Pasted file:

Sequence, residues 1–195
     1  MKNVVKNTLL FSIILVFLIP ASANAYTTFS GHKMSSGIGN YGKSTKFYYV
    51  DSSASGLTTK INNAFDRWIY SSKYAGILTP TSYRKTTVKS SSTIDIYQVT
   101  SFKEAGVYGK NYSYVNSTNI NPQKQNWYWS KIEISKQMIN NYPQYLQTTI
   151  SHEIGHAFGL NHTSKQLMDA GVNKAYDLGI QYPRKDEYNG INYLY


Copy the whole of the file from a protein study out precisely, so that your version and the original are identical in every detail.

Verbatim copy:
Sequence, residues 1–195
     1  MKNVVKNTLL FSIILVFLIP ASANAYTTFS GHKMSSGIGN YGKSTKFYYV
    51  DSSASGLTTK INNAFDRWIY SSKYAGILTP TSYRKTTVKS SSTIDIYQVT
   101  SFKEAGVYGK NYSYVNSTNI NPQKQNWYWS KIEISKQMIN NYPQYLQTTI
   151  SHEIGHAFGL NHTSKQLMDA GVNKAYDLGI QYPRKDEYNG INYLY